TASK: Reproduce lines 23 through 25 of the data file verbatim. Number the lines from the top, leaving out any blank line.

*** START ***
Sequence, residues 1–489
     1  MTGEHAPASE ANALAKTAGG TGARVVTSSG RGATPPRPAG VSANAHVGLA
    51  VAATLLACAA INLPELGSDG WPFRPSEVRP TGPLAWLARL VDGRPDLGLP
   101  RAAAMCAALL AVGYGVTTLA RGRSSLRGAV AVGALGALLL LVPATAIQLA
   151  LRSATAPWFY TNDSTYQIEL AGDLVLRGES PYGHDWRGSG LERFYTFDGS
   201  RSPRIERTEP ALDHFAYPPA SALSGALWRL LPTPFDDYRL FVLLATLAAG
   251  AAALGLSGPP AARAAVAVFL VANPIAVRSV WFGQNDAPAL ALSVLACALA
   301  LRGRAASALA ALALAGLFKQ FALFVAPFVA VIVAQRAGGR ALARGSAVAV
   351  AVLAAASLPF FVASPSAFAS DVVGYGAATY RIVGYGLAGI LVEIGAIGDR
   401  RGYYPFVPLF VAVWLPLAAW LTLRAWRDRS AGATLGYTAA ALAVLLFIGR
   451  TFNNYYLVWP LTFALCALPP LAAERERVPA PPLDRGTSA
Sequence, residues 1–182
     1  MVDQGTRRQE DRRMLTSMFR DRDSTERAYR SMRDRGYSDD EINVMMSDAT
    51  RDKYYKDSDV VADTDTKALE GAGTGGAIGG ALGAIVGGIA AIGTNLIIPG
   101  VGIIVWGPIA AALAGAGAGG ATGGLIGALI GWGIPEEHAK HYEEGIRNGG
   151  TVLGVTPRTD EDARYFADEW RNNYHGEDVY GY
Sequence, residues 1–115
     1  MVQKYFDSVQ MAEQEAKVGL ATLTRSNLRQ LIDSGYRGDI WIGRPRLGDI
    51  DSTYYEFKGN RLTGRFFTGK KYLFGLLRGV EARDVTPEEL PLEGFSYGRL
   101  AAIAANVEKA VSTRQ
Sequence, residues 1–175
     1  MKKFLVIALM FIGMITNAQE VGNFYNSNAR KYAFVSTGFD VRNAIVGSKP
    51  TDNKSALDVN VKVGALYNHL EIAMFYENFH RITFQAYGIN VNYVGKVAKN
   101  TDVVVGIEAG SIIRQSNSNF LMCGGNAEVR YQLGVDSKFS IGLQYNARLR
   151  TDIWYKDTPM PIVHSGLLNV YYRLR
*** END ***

    51  TDNKSALDVN VKVGALYNHL EIAMFYENFH RITFQAYGIN VNYVGKVAKN
   101  TDVVVGIEAG SIIRQSNSNF LMCGGNAEVR YQLGVDSKFS IGLQYNARLR
   151  TDIWYKDTPM PIVHSGLLNV YYRLR